Nate Parker‘s directorial debut The Birth of a Nation, a historical drama based on Nat Turner‘s 1831 slave rebellion, left many in the 2016 Sundance Film Festival audience shaken and teary-eyed on Monday.
HitFix co-founder Gregory Ellwood called the feature “brutal, powerful with a strong vision come to life from Nate Parker.”Soon after a thunderous applause that lasted until the lights came on, the film became the source of an all-night bidding war.
Companies such as Warner Bros., Weinstein Company, Paramount, Lionsgate, Sony, and Netflix were all vying for worldwide rights, with the latter reportedly offering $20 million. Update: comedian and television producer Byron Allen also submitted a $20 million bid through his media company Entertainment Studios.
The deal surpasses precedent-setting Sundance acquisitions like the $10.5 million deal for Little Miss Sunshine in 2006, and the $10 million deal for Hamlet 2 in 2008.
“Well, Nate Parker’s searing BIRTH OF A NATION just became the must watch film of the year. Devastating and vital,” said pop culture critic Jesse Wente on Tuesday.
Best known for roles in The Great Debaters and Beyond The Lights, Parker wrote The Birth of a Nation with Jean McGianni Celestin, directed the feature, and stars as Turner.
He also invested his own funds in the production, which, as he told the Sundance audience, has been “a passion project for the last seven years.”As joy from Birth of A Nation‘s early success spreads, it seems more people are admitting they have never heard of Nat Turner or any slave rebellions in North America. The lack of focus given to these epic moments in history is the root of the myth that America’s slaves did not fight back.
Turner’s 1831 rebellion in Southampton, Virginia resulted in 55-65 white deaths, 100-200 black deaths, and his hanging. However it is just one of 313 slave insurrections in the U.S. between 1526 and the end of the Civil War in 1865.
While most revolts were led by enslaved Africans, quite a few were led by and/or included enslaved “Indians,” as well as free blacks, whites, and “Indian allies.”In Birth of A Nation, Turner is a “literate slave and preacher whose financially strained owner, Samuel Turner, accepts an offer to use Nat’s preaching to subdue unruly slaves. After witnessing countless atrocities against fellow slaves, Nat devises a plan to lead his people to freedom.”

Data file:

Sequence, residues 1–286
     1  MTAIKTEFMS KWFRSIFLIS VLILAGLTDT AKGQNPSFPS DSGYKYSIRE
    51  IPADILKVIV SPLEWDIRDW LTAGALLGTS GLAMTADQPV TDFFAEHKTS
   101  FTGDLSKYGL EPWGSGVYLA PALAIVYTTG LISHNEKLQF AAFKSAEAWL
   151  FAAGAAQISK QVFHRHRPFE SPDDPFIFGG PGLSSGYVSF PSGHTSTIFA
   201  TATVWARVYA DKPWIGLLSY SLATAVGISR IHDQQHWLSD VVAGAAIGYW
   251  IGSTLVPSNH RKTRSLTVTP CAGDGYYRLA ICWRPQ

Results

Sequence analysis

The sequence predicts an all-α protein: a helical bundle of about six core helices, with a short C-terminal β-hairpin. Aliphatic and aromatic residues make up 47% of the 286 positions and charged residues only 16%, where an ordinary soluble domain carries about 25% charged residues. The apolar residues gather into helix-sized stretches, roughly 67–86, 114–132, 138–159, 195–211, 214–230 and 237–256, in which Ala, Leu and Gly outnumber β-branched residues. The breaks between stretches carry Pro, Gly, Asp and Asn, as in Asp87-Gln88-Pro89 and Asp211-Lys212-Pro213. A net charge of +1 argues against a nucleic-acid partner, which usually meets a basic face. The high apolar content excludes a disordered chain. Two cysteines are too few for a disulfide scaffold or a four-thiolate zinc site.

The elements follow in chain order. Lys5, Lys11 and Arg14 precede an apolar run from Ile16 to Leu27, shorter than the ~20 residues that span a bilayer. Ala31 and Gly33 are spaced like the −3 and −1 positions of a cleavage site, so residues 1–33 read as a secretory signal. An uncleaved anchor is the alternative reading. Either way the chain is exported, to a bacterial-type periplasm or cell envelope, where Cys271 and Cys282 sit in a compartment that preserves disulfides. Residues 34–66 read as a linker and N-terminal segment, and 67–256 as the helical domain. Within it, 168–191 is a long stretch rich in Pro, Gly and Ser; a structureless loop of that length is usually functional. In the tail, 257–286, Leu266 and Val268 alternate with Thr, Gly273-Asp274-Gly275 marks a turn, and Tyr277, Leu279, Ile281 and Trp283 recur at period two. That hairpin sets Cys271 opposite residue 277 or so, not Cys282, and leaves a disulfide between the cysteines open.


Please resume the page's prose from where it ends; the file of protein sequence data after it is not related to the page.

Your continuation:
The film also stars Armie Hammer (The Social Network), Aja Naomi King (How to Get Away With Murder), Aunjanue Ellis (The Book of Negroes), Colman Domingo (Selma), Dwight Henry (12 Years a Slave), Roger Guenveur Smith (Empire State) and Gabrielle Union (Being Mary Jane).
A recipient of a fellowship with the Sundance Institute Feature Film Program last year, Birth of A Nation was produced by Aaron L. Gilbert, Kevin Turen, Jason Michael Berman, Preston Holmes and Parker under Bron Studios, Phantom Four, Mandalay Pictures and Tiny Giant Prods. in association with Follow Through Prods., Infinity Entertainment and Creative Wealth Media Finance.
The most notable film project about Turner before Birth of A Nation was Charles Burnett‘s 2003 documentary, Nat Turner: A Troublesome Property, which aired on PBS in 2004.
Fox Searchlight will be preparing Birth of A Nation to meet or exceed the studio’s wins with Steve McQueen‘s 12 Years A Slave, which went on to earn $187.7 million at the box office and an Academy Award for Best Picture in 2014.